Movie Critique - The Last of Mrs. Cheyney
Stars: 3 / 5
Recommendation: An otherwise amusing story with certain flaws or weak links in characterization, it is entertaining, charming and chaotic; all at once filling the viewers senses.
The Last of Mrs. Cheyney is a 1937 American comedy-drama film starring Joan Crawford, William Powell, Robert Montgomery and Frank Morgan in lead cast. The film was adapted from the 1925 play of the same name by Frederick Lonsdale. Screenplay was provided by Leon Gordon, Samson Raphaelson and Monckton Hoffe.
Mrs. Fay Cheyney (portrayed by Joan Crawford), her butler Charles (portrayed by William Powell) and her plethora of servants are actually operators who have a gig, at the end of which they steal from the mark and escape. However this time their mark, Lord Arthur Dilling (portrayed by Robert Montgomery) and his family becomes a thorn in Fay's heart; as she starts to care for them.
First directed by Richard Boleslawski, George Fitzmaurice took over when Boleslawski passed away during the middle of the making of the film. And when Fitzmaurice fell ill it was taken over by Dorothy Arzner. Although the credits show only Bloeslawski as the director.
The only reason I ended up watching the film was because of William Powell. I figured he would be the love interest for Joan Crawford's Mrs. Fay Cheyney. But it ended up being different. It was just surprising to see Powell in a secondary role, although he is credited equally with Joan Crawford and Robert Montgomery. He does play a good part on the other side of the law even though he also mediates between lovers.
I have never seen Joan Crawford's movie till now. She is an excellent actress no doubt. And she did make a charming and chic jewel thief along-side William Powell. However, I kept seeing thorns all around that beauty she carried along. May be the role warranted it or she herself is like that by nature, but she came across very prickly…a pretty prickly one though.
Robert Montgomery's Lord Dilling, the third wheel in the tale is as charming as he come, but a total cad as they keep telling him. Montgomery slipped into the cad role pretty easily so much so that you only see the cad. I believe I heard Montgomery in the radio episodes I am listening to on Old Time Radio Podcasts, but he sounded very different on film vs radio which is unusual.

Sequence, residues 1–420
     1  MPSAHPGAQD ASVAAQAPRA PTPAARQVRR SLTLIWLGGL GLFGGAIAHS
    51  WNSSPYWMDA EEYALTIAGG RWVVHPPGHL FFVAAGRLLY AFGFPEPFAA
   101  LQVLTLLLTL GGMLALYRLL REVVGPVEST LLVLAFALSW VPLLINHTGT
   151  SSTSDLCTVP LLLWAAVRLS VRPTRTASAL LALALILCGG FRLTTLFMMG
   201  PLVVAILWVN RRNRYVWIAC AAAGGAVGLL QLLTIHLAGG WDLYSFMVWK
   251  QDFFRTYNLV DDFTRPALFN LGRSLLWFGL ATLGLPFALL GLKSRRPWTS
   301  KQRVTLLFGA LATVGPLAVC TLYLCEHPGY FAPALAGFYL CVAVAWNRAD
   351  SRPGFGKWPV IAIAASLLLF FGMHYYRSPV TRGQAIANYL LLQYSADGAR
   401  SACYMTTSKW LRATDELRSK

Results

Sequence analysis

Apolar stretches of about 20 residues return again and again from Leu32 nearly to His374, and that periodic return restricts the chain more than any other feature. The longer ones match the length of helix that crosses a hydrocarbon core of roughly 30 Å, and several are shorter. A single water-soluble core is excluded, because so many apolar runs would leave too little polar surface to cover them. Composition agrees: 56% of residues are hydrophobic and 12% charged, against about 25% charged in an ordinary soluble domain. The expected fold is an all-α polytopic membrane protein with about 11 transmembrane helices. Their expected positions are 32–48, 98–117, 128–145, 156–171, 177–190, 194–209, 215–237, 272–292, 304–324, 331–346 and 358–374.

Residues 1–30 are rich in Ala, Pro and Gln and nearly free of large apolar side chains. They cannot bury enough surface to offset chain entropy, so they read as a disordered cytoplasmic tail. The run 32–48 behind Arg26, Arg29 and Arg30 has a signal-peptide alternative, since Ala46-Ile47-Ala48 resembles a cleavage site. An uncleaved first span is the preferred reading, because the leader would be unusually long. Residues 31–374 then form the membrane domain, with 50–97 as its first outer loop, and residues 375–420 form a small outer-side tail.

We see Nigel Bruce as Lord Willie Winton, again his typical bumbling and stumbling character, except he is an English Lord in this trying to get his friends in trouble and at the same hiding it from his wife, finding immense pleasure in all the teasing going on around him and at the same time oblivious of what is actually going on in his married life.
The opening credits show the three leading stars over a photograph of them. Yet when it came to the actual role in the film, Powell did have considerably lesser part than the other two. However, I would say that his was more effective of the three.
I felt like I was slipping in and out of a Jane Austen novel vs a heist movie. The humor part well placed by both Powell and Montgomery. But from Crawford I felt it more staged than being in the character. May be because I felt her surrounded by thorns perhaps didn’t appreciate it. It was well made until the last 20 minutes of the film. After that it went crazy, muddy and confusing chaos.
An otherwise amusing story with certain flaws or weak links in characterization, it is entertaining, charming and chaotic; all at once filling the viewers senses. A smash hit from old time, definitely something you can watch even now sitting on your couch.
1) Movie Trivia:
a. Two more versions of the movie were made - the 1929 with the same title as this film; 1951 The Law and the Lady.
b. The original play was also played by London Productions in the 1980s with Joan Collins in the role of Mrs. Fay Cheyney.